Intended for healthcare professionals

Practice Practice Pointer

Mobile messaging with patients

BMJ 2020; 368 doi: (Published 16 March 2020) Cite this as: BMJ 2020;368:m884
  1. Laura Martinengo, PhD student in digital health1,
  2. Pier Spinazze, research associate in AI in healthcare1 2,
  3. Josip Car, director, reader in primary care and eHealth1 2
  1. 1Centre for Population Health Sciences (CePHaS), Lee Kong Chian School of Medicine, Nanyang Technological University, Singapore
  2. 2Global Digital Health Unit, Department of Primary Care and Public Health, School of Public Health, Imperial College London, UK
  1. Correspondence to J Car{at}

What you need to know

  • Mobile messaging has the potential to support clinical practice and should be offered as an optional service

  • Before engaging in mobile messaging with your patients, develop a policy that includes the scope of communication, roles, and expected response time

  • Offer other communication channels to patients who choose to opt out of mobile messaging

  • Document all communications in patients’ electronic health records

  • Engage a mobile messaging provider compliant with your country’s data protection laws

Communication has been transformed by the mobile phone. Today, mobile messaging is widely used across all age groups,12 exceeding voice calls in people under 50.3 Healthcare providers worldwide are increasingly adopting digital integrated management systems that include messaging functions. This practice pointer offers an overview of mobile messaging to communicate with patients and carers, and offers suggestions for how to introduce these systems.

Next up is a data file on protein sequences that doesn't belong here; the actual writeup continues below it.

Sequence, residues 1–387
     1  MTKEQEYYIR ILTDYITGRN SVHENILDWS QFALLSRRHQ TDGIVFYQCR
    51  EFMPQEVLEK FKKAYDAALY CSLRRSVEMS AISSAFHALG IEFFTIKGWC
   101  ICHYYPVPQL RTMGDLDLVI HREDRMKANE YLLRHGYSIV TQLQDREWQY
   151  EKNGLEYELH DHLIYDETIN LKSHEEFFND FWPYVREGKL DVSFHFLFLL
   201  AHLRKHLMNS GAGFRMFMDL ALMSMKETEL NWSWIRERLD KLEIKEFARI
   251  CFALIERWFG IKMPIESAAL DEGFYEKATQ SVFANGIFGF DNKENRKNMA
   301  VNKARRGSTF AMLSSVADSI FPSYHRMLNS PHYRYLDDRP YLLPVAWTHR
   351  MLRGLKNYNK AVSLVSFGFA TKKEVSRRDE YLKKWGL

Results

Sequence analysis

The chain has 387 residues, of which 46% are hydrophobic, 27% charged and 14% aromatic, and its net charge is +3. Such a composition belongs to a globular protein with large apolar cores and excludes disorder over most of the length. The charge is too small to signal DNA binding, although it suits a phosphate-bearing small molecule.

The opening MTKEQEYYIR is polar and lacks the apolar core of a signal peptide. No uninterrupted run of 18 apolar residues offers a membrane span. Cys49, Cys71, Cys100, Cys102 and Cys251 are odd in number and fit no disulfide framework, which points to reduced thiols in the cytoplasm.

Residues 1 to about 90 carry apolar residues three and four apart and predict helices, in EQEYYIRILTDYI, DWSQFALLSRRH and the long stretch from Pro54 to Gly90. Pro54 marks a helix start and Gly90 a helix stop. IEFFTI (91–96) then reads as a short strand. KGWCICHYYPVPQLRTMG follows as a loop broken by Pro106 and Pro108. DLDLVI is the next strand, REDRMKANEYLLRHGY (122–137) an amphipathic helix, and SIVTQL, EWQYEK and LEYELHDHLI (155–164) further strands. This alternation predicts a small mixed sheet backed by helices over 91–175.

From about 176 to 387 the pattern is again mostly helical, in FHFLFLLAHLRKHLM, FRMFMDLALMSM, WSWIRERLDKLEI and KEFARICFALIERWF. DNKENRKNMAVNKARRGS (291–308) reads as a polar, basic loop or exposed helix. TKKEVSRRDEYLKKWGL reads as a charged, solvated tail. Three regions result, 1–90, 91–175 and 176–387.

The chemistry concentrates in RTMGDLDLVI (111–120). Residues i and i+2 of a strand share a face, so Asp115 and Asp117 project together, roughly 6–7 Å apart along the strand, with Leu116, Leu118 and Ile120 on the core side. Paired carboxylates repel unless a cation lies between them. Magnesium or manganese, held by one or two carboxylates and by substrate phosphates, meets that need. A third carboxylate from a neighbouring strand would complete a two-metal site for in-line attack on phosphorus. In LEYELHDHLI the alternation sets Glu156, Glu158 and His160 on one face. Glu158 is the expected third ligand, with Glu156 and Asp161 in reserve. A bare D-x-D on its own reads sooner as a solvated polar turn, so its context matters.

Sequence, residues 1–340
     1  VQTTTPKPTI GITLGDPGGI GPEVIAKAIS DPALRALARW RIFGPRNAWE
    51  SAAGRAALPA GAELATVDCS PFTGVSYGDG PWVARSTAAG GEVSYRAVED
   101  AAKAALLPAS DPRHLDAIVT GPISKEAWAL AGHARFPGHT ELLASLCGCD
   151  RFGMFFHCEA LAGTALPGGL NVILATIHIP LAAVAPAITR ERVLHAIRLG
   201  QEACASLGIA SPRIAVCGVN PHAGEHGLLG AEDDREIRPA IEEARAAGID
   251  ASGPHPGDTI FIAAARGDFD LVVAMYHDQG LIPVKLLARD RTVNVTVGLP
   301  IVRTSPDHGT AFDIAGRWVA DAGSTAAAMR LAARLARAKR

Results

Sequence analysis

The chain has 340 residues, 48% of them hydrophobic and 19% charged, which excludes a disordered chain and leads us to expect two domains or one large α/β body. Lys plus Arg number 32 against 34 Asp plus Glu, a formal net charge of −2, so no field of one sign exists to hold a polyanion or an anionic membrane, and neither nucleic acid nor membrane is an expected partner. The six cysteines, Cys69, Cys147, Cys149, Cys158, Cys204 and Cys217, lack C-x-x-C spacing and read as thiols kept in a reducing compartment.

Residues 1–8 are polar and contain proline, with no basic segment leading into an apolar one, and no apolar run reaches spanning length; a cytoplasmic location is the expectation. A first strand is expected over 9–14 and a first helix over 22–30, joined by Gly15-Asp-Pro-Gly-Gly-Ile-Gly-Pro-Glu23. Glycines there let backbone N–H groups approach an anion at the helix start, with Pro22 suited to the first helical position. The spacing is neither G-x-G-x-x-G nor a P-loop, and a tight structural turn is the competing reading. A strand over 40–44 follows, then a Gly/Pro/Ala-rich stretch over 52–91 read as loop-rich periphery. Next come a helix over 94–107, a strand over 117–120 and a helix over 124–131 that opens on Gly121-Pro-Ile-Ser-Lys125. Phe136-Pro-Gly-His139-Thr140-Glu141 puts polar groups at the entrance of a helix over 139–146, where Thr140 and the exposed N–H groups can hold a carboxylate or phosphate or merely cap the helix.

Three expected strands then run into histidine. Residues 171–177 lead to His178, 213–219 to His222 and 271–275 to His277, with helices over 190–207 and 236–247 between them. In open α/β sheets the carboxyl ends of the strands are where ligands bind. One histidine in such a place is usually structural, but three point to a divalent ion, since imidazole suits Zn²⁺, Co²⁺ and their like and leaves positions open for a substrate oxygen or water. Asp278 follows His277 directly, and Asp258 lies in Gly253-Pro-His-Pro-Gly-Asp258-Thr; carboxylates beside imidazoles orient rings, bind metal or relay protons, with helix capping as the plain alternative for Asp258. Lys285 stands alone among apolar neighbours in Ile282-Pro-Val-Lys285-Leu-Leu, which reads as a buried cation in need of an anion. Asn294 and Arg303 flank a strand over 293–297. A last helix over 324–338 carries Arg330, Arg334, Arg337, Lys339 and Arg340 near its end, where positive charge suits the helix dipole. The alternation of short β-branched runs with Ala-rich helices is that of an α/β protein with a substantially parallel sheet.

Why mobile messaging?

Mobile messaging includes all forms of electronic communication that may be accessed on a mobile device (table 1). The public views mobile messaging as more convenient, time efficient, less intrusive, and less costly than voice calls.4 Sixty nine per cent of consumers across all age groups want to be able to contact a business via text,5 with several industries leading adoption of text messaging services with consumers, including retail, banking, hospitality, education, and travel.6 Within healthcare, patients generally see it as a useful addition to face-to-face encounters.78910 Meanwhile, doctors are also using digital communication channels, particularly for inter-professional communication.11

View this table:
Table 1

Types of mobile messaging

There is ongoing debate about whether mobile messaging in healthcare may widen health inequalities.1213 However, proponents see mobile messaging as an addition to existing ways of accessing healthcare, not a replacement. A 2017 study reported that nearly 40% of the UK GP practices used text messaging to communicate …

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